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19th Beekshan film festival concludes in Silchar

Sentinel Digital DeskBy : Sentinel Digital Desk

  |  21 Jan 2017 12:00 AM GMT

From Our Correspondent

Silchar, Jan 20: An annual film festival could not have ended on a grander note than this – screening of Goutam Ghose’s tiol award winning film about the fate of a Muslim family that has to cross border for treating their only daughter who is counting her days. Ghose’s film Shankhachil (2016) is a pathetic tale of a family’s journey across the border. His film chronicles a pathetic past. His take on the sorrows and sufferings, pains and pangs of Bangladeshis in India, left no dry eyes on the last day of the weeklong 19th annual Beekshan film festival that was held at Gandhi Bhawan of this town, recently.

The packed hall was a testimony of the films’ popularity and appreciation that it has been able to garner. However, this was not the case with Shankhachil only. Kaushik Ganguly’s film Cinemawala (2016) revolves around an aged man’s struggle to save a minor movie theatre from dissolving in a world domited by digital cinema. The veteran actor Paran Bandopadhyay breathed life into his role. The opening of the festival was marked by Churni Ganguly’s film Nirbashito (2014) about a female writer who has been banished from her own country for writing against religious fundamentalism which kept the audience spellbound.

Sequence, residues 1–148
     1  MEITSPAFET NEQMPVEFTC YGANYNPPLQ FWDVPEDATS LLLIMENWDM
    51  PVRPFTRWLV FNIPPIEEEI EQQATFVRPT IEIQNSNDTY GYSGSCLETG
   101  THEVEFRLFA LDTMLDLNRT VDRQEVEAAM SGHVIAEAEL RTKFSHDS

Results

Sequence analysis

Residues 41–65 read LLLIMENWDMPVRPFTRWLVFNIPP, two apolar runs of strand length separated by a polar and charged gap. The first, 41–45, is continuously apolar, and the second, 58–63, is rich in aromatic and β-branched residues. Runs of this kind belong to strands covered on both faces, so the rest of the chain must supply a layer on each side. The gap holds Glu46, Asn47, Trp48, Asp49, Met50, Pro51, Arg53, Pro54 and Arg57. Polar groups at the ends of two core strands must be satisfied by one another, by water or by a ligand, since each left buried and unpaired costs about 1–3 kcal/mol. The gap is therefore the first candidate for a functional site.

The screening of Shaji N Karun’s classic, Vaprastham (1999) starring Mohanlal, which follows the tale of a lower caste Kathakali artist, his depression, his inter caste relationship and struggles ahead, stole the show. Indian films section also included Reema Bora’s much talked about film Bokul (2015), Kamaleshwar Mukherjee’s Khawto (2016), Prashant Bhargav’s Patang (2011), a film on kite festival, Florian Gallenberger’s Shadows of Time (2004), gesh Kukunoor’s Dhak (2015), Pratim D Gupta’s Shahib Biwi Aur Golaam (2016) and others. Ayiriddhi Memorial film quiz was also organized for film lovers in which a number of film buffs participated and enlightened the audience.

The non-Indian films included some of the best works of the best directors of world cinema. Film festivals are considered incomplete if Iranian films are not included. Iranian filmmaker Bahman Ghobadi’s heartbreaking film A Time for Druken Horses (2000) is about a family of five who has to survive on their own in a Kurdish village on the border to Iran and Iraq. Things worsen when a handicapped family member needs an immediate operation to remain alive. Brilliant films like The State I am In (2000), Three Colours: Red (1994), Syndromes and a Century (2006) and Holy Motors (2012) were shown at the festival that alleviated the festival to strata level. Another important feature of this year’s festival was the introduction of a section that included short films from Northeast. It was included to encourage and inspire young and talented filmmakers of this region to make good films and take film festivals like storm.

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